Opinion

Alison Frankel

Fannie, Freddie shareholders demand lost dividends from U.S. in new class action

By Alison Frankel
July 10, 2013

In August of 2012, the U.S. Treasury and the Federal Housing Finance Agency announced that they had amended the terms of Treasury’s investment in Fannie Mae and Freddie Mac, the government-sponsored mortgage lenders under FHFA’s conservatorship. After Fannie and Freddie went into conservatorship in the economic crisis of 2008, Treasury invested more than $100 billion in a new class of senior preferred stock that guaranteed the government first dibs on a percentage of Fannie or Freddie profits. Those seemed like a distant hope in 2008, but by 2012, Fannie and Freddie were, in fact, making money. Preferred shareholders junior to the government believed the mortgage lenders were generating enough profits to pay Treasury’s dividend and leave something for them as well. But in August, FHFA and the government – without consulting Fannie and Freddie junior preferred shareholders – disclosed that under a newly executed “net worth sweep,” Treasury would be receiving all of the profits kicked out by Fannie Mae and Freddie Mac, then and in the future.

On Wednesday, junior preferred shareholders filed a class action in the U.S. Court of Federal Claims, asserting that the August 2012 agreement between FHFA and the Treasury amounted to an illegal seizure of their property in violation of the Takings Clause of the Fifth Amendment of the U.S. Constitution. The preferred shareholders, represented by Boies, Schiller & Flexner and Kessler Topaz Meltzer & Check, point to the $66.3 billion dividend Fannie and Freddie paid to the government in the second quarter of 2013, arguing that more than $60 billion of that money was misappropriated from them.

The new shareholder class action follows an injunction suit filed Sunday in federal court in Washington by Perry Capital and its lawyers at Gibson, Dunn & Crutcher. The Perry suit, which claims that the August 2012 agreement between Treasury and FHFA “enriches the federal government through a self-dealing pact, and destroys tens of billions (of dollars) of value in the companies’ preferred stock,” seeks a declaratory judgment that the amended agreement violates the Administrative Procedures Act, as well as an injunction against implementing the new agreement. In addition, the mutual fund Fairholme Funds and several insurance companies that own Fannie Mae and Freddie Mac junior preferred shares filed a Takings Clause case on Tuesday night in the Court of Federal Claims. Cooper & Kirk, which represents the Fairholme plaintiffs, raises allegations that parallel those in the new class action but brought the case only on behalf of the named shareholders.

There’s also a month-old class action for holders of Fannie Mac and Freddie Mac common shares under way in the Court of Federal Claims. As I’ve reported, that case asserts that the government’s 2008 takeover of the mortgage lenders and the FHFA’s subsequent operation of Fannie Mae and Freddie Mac was an illegal taking under the Fifth Amendment. The new class action, which only involves preferred shareholders and focuses on the 2012 amendment rather than the 2008 takeover, does not overlap with the previously filed case.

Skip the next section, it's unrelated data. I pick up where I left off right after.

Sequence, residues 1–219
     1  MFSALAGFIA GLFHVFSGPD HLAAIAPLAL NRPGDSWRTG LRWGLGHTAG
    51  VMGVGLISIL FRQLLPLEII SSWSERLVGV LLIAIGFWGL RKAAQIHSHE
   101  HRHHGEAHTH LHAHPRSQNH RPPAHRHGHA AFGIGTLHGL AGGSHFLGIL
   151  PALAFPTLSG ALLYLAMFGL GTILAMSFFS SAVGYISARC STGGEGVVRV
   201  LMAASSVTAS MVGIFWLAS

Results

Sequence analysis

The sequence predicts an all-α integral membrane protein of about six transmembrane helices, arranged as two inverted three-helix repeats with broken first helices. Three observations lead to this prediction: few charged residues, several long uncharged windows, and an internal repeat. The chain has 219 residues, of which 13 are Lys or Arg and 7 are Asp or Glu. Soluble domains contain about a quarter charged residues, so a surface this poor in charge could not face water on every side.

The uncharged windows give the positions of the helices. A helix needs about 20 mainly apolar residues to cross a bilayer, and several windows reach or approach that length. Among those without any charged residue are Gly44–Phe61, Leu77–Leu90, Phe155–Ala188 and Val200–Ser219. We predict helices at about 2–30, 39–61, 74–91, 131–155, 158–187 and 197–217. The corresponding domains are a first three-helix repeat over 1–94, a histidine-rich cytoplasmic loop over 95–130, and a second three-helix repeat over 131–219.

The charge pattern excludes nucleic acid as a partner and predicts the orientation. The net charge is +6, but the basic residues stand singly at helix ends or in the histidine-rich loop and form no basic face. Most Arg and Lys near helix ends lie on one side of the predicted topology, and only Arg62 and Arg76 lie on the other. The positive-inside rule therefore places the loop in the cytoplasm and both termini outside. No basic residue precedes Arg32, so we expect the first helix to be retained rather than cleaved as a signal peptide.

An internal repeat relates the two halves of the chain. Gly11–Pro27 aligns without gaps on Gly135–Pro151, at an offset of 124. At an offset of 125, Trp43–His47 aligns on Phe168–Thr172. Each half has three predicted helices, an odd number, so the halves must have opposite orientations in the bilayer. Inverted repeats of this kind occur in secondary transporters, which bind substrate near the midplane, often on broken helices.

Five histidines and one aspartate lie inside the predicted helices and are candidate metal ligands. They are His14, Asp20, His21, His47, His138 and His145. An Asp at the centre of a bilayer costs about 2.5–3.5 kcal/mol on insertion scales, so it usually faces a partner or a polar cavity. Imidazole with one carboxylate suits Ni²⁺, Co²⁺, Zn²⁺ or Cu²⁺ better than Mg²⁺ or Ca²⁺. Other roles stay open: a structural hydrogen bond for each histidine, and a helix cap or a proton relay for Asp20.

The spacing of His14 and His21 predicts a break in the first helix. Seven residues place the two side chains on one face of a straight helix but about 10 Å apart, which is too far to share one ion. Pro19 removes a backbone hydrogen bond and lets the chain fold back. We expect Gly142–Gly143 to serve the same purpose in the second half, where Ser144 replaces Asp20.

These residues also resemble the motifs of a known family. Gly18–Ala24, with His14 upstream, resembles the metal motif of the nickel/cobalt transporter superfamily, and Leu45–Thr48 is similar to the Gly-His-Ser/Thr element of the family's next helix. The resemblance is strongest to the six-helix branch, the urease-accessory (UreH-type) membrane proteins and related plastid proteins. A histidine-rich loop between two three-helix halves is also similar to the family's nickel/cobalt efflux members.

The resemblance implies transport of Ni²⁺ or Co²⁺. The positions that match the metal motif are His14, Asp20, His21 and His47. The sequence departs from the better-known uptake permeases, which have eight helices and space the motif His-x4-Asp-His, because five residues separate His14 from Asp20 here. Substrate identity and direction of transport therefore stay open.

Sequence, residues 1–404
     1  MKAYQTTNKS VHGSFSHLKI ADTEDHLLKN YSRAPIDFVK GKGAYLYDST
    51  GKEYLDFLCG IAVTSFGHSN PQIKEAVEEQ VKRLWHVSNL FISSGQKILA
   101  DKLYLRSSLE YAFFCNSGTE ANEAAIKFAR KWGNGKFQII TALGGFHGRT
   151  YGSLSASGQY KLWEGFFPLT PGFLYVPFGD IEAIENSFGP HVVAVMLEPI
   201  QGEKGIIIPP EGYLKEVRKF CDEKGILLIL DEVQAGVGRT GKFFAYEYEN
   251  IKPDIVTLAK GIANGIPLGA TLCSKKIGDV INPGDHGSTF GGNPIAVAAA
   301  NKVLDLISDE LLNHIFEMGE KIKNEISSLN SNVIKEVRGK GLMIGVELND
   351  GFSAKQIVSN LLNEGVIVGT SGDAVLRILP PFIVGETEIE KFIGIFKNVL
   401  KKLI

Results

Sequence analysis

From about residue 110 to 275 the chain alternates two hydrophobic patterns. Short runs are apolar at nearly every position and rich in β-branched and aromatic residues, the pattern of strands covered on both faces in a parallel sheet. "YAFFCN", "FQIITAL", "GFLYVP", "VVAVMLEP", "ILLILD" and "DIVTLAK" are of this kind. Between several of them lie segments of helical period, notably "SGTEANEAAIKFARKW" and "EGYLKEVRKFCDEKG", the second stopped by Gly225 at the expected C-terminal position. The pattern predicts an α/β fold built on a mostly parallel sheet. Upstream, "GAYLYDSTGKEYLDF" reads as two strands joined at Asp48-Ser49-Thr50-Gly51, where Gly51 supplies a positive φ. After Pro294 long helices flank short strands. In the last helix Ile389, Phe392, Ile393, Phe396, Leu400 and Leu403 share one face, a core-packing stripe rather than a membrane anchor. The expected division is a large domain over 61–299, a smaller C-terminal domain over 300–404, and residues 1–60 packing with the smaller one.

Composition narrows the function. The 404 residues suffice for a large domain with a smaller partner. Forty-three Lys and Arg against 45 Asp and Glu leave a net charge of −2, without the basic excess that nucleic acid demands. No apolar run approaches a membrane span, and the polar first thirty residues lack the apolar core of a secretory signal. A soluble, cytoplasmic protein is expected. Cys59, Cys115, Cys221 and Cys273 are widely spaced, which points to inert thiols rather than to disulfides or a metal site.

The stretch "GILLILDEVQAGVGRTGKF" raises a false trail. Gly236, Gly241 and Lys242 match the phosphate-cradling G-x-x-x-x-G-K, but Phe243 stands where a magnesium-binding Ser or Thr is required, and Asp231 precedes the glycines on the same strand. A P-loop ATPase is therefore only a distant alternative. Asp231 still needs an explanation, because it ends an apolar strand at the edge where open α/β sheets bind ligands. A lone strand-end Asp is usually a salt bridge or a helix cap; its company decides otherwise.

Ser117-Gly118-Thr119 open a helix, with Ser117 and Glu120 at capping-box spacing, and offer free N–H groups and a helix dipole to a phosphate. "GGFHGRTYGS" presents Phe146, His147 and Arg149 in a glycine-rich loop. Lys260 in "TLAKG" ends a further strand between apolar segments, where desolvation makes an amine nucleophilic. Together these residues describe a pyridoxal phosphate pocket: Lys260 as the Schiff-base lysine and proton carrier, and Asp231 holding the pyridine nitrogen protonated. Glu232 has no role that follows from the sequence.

It’s notable that the new class action was filed by Boies Schiller, which innovated the technique of suing for lost shareholder value under the Takings Clause in litigation for former AIG chief Hank Greenberg, who claims that the government’s 2008 bailout of AIG wrongfully deprived shareholders of tens of billions of dollars in equity. Though the new Fannie Mae and Freddie Mac case involves alleged government overreaching four years after the economic crisis, said Boies partner Hamish Hume, it raises similar allegations that Treasury violated the Fifth Amendment and ran roughshod over shareholders.

Boies’s co-counsel in the case, Kessler Topaz, has been exploring the possibility of a Takings Clause case for several months, said partner Lee Rudy. The firm, which can normally be found in securities class actions and shareholder derivative suits, got in touch with Cooper & Kirk, a boutique that has Takings Clause expertise. Cooper was researching the suit it filed Tuesday for Fairholme, but said it was not prepared to bring a class action, Rudy said. It referred him to Hume at Boies Schiller. The new class action was filed on behalf of two individual preferred shareholders but Rudy and Hume said that they’re hoping other preferred shareholders in Fannie Mae and Freddie Mac join the case as name plaintiffs.

The Fannie Mae and Freddie Mac Takings Clause litigation presents an odd sort of reunion for Boies Schiller and Cooper & Kirk, which were on opposite sides of the California marriage equality case that was decided by the U.S. Supreme Court last month. Now they’re on the same side of a Constitutional issue – and so is Boies Schiller’s gay marriage co-counsel, Gibson Dunn. (Hume said that he hasn’t yet been in touch with Gibson Dunn about its Perry complaint but expects he soon will be.) If the Fannie Mae and Freddie Mac preferred shareholder cases ever get to the Supreme Court, there will certainly be no shortage of talent to argue against the government.

FHFA put out a statement about the new suits: “”We are reviewing each lawsuit carefully, but it is important to remember that Fannie Mae and Freddie Mac remain in conservatorship and their financial future remain uncertain except for support from the American taxpayer.”

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Comments
One comment so far | RSS Comments RSS

Interesting, but I’d be surprised if the taking clause were successful even though it doesn’t seem right to me four years after the bailout. There seems to be many of these bailout lawsuits and I can’t recall any successful ones. Can you or any readers?

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